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Cited by:
  1. Hovland, Ingeborg, 2009. "The food crisis of 2008: Impact assessment of IFPRI's communications strategy," Impact assessments 29, International Food Policy Research Institute (IFPRI).
  2. Christophe Gouel, 2013. "Food Price Volatility and Domestic Stabilization Policies in Developing Countries," NBER Working Papers 18934, National Bureau of Economic Research, Inc.
  3. Minot, Nicholas, 2012. "Food price volatility in sub-Saharan Africa: Has it really increased?," 2012 Conference, August 18-24, 2012, Foz do Iguacu, Brazil 134146, International Association of Agricultural Economists.
  4. Brian D. Wright, 2012. "International Grain Reserves And Other Instruments to Address Volatility in Grain Markets," World Bank Research Observer, World Bank Group, vol. 27(2), pages 222-260, August.
  5. Dethier, Jean-Jacques & Effenberger, Alexandra, 2011. "Agriculture and development : a brief review of the literature," Policy Research Working Paper Series 5553, The World Bank.
  6. Adjemian, Michael & Janzen, Joseph & Carter, Colin & Smith, Aaron, 2014. "Deconstructing Wheat Price Spikes: A Model of Supply and Demand, Financial Speculation, and Commodity Price Comovement," Economic Research Report 167369, United States Department of Agriculture, Economic Research Service.
  7. Larson, Donald F. & Lampietti, Julian & Gouel, Christophe & Cafiero, Carlo & Roberts, John, 2012. "Food security and storage in the Middle East and North Africa," Policy Research Working Paper Series 6031, The World Bank.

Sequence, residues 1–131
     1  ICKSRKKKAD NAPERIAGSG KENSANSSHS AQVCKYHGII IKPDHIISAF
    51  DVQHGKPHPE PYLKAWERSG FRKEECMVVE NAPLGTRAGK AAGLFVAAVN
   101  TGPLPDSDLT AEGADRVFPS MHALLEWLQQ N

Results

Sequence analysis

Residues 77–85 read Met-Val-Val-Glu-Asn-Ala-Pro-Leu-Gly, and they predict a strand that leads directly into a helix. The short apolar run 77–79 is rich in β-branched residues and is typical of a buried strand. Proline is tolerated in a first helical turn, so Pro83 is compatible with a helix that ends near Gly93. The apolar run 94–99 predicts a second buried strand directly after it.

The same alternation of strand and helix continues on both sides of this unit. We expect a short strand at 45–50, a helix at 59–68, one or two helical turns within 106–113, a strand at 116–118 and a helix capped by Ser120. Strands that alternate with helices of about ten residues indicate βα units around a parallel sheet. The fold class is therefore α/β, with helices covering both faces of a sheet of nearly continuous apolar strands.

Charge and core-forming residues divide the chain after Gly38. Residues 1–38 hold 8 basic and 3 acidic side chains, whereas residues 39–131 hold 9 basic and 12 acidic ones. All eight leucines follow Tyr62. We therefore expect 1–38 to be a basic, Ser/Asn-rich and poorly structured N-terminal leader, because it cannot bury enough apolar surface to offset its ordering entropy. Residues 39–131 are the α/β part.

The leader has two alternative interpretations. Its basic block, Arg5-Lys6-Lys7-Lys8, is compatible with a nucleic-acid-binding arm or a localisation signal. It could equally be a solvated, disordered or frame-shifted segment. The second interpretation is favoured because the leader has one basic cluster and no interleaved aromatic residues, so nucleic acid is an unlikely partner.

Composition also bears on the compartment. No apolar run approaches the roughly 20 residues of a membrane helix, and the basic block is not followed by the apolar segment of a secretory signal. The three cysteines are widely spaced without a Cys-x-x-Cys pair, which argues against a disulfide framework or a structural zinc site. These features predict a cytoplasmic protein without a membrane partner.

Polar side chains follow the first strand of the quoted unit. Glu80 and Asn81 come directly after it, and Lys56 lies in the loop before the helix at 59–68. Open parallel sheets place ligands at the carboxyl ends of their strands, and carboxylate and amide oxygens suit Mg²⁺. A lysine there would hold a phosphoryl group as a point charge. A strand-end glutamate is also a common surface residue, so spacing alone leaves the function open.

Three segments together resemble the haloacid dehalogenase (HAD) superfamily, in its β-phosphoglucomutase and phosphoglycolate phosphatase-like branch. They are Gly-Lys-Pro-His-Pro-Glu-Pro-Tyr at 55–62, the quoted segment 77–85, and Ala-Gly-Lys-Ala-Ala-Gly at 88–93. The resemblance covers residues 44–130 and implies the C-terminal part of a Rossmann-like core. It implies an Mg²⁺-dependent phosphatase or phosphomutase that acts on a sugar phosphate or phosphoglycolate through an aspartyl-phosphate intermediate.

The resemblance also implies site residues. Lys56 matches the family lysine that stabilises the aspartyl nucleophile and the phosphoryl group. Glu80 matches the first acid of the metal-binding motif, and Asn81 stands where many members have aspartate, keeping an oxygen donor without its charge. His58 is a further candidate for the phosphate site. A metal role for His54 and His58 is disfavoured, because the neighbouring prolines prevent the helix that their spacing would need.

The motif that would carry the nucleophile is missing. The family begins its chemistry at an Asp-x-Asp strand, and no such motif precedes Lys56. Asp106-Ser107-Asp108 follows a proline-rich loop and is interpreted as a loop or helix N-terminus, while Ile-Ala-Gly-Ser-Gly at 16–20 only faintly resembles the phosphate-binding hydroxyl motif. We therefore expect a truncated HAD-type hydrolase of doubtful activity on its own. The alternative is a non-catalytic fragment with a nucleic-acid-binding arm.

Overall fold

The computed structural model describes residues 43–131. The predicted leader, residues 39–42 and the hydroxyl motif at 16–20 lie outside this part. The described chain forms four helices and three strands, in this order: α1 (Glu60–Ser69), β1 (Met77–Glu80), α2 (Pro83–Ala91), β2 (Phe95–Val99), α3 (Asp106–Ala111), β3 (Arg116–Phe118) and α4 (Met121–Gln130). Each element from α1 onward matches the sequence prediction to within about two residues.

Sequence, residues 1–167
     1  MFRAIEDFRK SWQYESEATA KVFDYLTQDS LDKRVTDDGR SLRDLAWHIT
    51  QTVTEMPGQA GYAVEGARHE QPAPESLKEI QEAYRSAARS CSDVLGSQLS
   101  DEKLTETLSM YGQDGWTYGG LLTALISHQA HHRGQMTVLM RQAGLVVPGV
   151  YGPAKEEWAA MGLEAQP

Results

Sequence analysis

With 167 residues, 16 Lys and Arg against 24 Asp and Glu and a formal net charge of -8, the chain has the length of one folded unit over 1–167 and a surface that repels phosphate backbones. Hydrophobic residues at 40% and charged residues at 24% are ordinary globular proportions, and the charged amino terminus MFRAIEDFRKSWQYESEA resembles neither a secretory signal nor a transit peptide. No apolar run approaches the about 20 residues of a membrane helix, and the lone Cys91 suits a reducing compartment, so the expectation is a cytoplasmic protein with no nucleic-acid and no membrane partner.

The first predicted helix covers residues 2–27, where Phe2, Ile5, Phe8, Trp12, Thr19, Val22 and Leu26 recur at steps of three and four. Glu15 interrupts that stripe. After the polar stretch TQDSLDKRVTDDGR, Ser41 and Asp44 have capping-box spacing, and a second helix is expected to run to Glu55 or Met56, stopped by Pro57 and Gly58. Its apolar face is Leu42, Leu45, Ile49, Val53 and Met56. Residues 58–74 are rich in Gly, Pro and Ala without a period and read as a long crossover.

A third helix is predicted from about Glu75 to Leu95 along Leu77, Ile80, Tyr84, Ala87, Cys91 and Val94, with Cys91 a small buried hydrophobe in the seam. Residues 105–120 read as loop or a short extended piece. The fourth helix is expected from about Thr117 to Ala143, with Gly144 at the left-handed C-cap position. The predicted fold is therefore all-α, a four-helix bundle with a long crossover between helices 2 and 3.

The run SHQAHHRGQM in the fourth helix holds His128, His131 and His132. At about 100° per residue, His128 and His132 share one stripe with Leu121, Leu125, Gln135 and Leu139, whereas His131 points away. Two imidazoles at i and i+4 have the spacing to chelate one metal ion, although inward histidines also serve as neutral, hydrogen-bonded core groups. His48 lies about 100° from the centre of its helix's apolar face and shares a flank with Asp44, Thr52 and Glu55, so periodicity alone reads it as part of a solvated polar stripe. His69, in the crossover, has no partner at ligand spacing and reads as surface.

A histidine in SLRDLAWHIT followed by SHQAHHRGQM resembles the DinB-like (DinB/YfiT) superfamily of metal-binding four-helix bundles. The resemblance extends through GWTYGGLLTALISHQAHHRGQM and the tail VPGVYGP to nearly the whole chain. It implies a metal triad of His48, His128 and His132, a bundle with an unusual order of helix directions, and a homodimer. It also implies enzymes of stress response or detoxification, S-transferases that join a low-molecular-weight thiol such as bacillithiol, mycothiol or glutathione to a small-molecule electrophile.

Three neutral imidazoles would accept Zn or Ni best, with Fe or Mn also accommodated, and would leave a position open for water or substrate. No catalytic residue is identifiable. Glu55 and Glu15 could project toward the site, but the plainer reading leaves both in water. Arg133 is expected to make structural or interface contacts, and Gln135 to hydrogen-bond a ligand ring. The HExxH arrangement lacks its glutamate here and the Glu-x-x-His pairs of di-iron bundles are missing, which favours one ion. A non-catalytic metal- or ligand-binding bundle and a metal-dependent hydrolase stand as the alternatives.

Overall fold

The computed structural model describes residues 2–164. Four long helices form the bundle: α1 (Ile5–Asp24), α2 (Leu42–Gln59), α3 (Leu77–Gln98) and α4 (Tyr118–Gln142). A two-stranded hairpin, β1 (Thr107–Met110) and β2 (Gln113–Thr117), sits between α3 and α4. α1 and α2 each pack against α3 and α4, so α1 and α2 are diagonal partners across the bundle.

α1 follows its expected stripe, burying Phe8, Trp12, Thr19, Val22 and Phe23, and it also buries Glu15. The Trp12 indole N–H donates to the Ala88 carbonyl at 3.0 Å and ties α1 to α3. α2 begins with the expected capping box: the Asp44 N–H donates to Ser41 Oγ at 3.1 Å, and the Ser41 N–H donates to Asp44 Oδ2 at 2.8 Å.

8. Nazlioglu, Saban & Soytas, Ugur, 2012. "Oil price, agricultural commodity prices, and the dollar: A panel cointegration and causality analysis," Energy Economics, Elsevier, vol. 34(4), pages 1098-1104.
  9. Justin Yifu Lin & Will Martin, 2010. "The financial crisis and its impacts on global agriculture," Agricultural Economics, International Association of Agricultural Economists, vol. 41(s1), pages 133-144, November.
  10. Beckmann, Joscha & Czudaj, Robert, 2014. "Volatility transmission in agricultural futures markets," Economic Modelling, Elsevier, vol. 36(C), pages 541-546.
  11. Hernandez, Manuel & Torero, Maximo, 2010. "Examining the dynamic relationship between spot and future prices of agricultural commodities," IFPRI discussion papers 988, International Food Policy Research Institute (IFPRI).
  12. Abbott, Philip C. & Hurt, Christopher & Tyner, Wallace E., 2011. "What’s Driving Food Prices in 2011?," Issue Reports 112927, Farm Foundation.
  13. Minot, Nicholas, 2012. "Food price volatility in Africa: Has it really increased?:," IFPRI discussion papers 1239, International Food Policy Research Institute (IFPRI).
  14. Gentilini, Ugo & Omamo, Steven Were, 2011. "Social protection 2.0: Exploring issues, evidence and debates in a globalizing world," Food Policy, Elsevier, vol. 36(3), pages 329-340, June.
  15. Guenther-Luebbers, Welf & Henke, Soren & Theuvsen, Ludwig, 2012. "Management of Volatility in the Grain Market," 123rd Seminar, February 23-24, 2012, Dublin, Ireland 122548, European Association of Agricultural Economists.